Having a Baby Overseas (Part Two)

This is the second part of a two-part series on our son and daughter-in-law’s experience of having their first child in Costa Rica. If you haven’t read Part One (previous post), I suggest you do that, as it will make Part Two more clear.

In the weeks preceding Emily’s birth, our daughter, Bethany, and her five children arrived in Costa Rica to be with the family during the birth and after. It was a grand family reunion, and we will always be so grateful that we could all be together during this time.

Emily meets her five cousins for the first time.

As we made our way home to Jaco from the hospital, Emily had her first experience in the car seat. She did pretty well. When she fussed, we played my hymn videos on YouTube to settle her down.

One of our favorite Costa Rican restaurants is on the road between San Jose and Jaco. Since Nate and Eva love this restaurant too, they wanted to initiate Emily right away. So, we stopped and had lunch at El Jardin, just out of Orotina on Highway 34. We took turns walking her and tending to her needs while eating. She was only a little more than 24 hours old, and here she was, enjoying her first Costa Rican tradition with her family.

When we arrived in Jaco, the first place we went was to Aunt Bethany’s place so that everyone could meet Emily. It was so much fun to introduce her to her cousins and her aunt.

Nate and Eva had rented a condo for these three months in the same building, and on the same floor, as the one Brenda and I live in. So, they were actually our next-door neighbors. It was very convenient, especially in the night. We told them they could bring Emily any time they needed help or a break. So, a few nights, we had knocks on our door at 3:00 am. Brenda gladly took over Emily’s care for a while, and I helped to walk her also.

Once a baby is born in Costa Rica, it is the hospital’s responsibility to report the birth to the nacional registry. This is crucial since other important documents hinge on proof of the birth being registered. This means that you are at the mercy of the hospital staff, especially if you are under a time constraint, as in Emily’s case. She needed to be able to leave the country with her parents on November 18. (She was born mid-October.)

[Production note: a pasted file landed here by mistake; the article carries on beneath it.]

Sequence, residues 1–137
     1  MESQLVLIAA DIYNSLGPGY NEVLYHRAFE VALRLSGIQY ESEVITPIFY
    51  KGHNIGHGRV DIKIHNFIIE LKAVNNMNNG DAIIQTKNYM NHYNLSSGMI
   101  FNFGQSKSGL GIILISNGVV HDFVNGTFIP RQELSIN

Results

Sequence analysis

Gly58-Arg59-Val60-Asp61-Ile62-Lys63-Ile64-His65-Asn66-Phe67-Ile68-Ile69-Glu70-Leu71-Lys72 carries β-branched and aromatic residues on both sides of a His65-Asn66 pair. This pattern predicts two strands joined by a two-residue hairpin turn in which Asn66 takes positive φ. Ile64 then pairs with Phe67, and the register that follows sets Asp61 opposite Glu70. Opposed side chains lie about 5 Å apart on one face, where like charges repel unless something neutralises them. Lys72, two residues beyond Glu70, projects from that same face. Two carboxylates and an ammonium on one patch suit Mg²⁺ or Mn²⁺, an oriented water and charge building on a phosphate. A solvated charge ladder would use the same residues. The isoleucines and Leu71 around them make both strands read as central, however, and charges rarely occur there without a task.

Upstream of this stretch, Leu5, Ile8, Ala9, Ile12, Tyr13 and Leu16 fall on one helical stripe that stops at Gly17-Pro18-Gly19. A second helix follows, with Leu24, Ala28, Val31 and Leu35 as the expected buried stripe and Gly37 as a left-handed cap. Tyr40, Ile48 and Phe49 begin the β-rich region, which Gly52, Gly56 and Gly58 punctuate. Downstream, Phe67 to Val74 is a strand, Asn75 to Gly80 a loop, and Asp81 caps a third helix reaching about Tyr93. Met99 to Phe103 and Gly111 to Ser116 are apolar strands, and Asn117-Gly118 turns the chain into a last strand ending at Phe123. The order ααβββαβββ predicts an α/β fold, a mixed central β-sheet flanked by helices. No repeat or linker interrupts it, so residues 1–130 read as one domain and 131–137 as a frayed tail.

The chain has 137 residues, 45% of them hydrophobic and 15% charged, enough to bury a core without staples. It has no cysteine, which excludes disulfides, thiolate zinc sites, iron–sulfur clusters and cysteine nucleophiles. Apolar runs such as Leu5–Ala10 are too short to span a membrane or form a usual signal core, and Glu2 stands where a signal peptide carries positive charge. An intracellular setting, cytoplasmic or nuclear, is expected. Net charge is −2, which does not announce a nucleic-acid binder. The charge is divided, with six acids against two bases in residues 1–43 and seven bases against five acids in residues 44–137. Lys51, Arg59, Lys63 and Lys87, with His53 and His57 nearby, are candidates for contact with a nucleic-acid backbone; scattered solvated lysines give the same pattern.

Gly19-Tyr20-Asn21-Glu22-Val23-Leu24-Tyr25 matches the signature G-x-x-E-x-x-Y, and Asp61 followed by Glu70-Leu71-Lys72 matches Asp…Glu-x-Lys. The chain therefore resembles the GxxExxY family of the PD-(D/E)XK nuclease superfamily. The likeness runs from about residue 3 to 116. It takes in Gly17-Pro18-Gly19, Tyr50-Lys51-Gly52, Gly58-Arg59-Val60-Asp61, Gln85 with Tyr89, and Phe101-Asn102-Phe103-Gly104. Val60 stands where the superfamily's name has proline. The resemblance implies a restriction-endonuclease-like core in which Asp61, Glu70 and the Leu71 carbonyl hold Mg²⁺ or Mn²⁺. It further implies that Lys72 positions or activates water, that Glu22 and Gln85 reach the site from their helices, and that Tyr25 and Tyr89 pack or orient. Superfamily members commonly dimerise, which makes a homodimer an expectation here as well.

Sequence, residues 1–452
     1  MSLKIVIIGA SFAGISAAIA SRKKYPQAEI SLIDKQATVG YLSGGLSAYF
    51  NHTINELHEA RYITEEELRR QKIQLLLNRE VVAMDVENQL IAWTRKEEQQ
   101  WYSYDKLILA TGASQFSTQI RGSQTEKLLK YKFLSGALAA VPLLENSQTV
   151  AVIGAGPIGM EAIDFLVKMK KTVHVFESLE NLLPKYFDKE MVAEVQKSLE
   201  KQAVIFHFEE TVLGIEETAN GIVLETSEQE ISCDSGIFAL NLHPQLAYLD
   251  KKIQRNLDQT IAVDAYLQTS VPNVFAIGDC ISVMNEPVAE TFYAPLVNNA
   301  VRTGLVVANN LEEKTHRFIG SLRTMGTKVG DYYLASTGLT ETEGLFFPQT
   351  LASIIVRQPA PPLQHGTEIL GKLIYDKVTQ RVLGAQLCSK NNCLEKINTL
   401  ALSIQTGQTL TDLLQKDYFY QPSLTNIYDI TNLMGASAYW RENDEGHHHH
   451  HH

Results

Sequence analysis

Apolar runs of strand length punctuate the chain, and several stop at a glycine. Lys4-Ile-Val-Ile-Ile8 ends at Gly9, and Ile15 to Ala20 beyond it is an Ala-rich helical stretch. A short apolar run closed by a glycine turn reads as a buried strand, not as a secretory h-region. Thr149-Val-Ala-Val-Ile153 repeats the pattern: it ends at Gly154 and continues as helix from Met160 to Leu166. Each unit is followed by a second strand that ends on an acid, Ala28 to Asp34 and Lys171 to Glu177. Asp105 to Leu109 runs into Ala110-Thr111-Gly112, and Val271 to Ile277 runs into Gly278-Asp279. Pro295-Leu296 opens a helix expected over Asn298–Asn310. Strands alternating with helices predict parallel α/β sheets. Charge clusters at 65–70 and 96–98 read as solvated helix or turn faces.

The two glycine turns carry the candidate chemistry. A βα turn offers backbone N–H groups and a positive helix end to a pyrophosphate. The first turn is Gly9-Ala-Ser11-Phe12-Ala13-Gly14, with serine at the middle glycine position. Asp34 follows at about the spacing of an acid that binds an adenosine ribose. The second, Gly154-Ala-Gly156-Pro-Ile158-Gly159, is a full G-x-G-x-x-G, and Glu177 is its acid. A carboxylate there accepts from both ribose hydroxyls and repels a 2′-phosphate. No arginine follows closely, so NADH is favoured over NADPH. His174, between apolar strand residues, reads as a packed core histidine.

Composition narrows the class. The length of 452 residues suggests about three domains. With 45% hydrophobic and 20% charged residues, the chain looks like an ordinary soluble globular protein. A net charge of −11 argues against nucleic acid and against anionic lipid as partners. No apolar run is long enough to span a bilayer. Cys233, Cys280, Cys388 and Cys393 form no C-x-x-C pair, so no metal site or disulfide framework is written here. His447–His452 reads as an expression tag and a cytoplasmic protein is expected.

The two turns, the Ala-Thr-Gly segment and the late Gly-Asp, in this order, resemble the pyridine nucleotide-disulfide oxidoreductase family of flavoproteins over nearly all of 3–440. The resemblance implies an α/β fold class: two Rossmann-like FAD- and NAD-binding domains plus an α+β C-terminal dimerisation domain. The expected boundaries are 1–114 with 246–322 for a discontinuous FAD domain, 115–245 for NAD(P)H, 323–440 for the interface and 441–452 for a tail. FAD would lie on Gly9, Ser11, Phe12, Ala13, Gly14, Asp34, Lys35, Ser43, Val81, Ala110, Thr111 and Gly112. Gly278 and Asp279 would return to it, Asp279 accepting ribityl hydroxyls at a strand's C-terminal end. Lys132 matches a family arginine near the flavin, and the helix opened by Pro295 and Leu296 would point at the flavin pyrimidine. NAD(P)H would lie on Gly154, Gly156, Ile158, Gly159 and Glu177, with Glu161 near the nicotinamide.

CIMA Hospital – Superb hospital in the San Jose suburb of Escazu where Emily was born.
90 minutes from Jaco by car. Outstanding medical care.

The hospital assured Nate and Eva that they would report the birth promptly, and they did. A week after her birth, we all drove into San jose so they could go to the registry as instructed to request the birth certificate. They were told that her case was pending like many others, and that they would just have to wait. When Nate, Eva, and Emily returned to the car after the appointment, there was some disappointment that things hadn’t moved faster.

However, a surprise was on its way, and it arrived within about ten minutes of leaving the registry office. As I was driving the family through San Jose, en route to returning to Jaco, Nate got a phone call from the guy at the registry. He told Nate that he had gone ahead and processed everything, and that she was registered, and that her birth certificate would arrive to him by email shortly.

This was cause for joy because it meant we didn’t have to make the trip to San Jose again soon, and it meant that things could now proceed easily with the US Embassy as well as the Costa Rican government.

Sure enough, in a day or so, the birth certificate arrived by email. During Covid-19 lockdown, the Embassy had reduced appointments. Way back early in the Fall, Nate had been trying daily online to secure an appointment in advance for Emily. He would check all through the day during work breaks. One day, several months previously, he had been able to secure an appointment on October 26, when someone had cancelled.

So now that the birth certificate was in hand, as well as an appointment set, Emily was ready to make application for her US passport, based on the fact that her father is an American citizen. Eva, Emily’s mother, is a Chinese citizen, with permanent residency (green card) in the United States. But Emily’s U.S. citizenship is based on her father’s citizenship.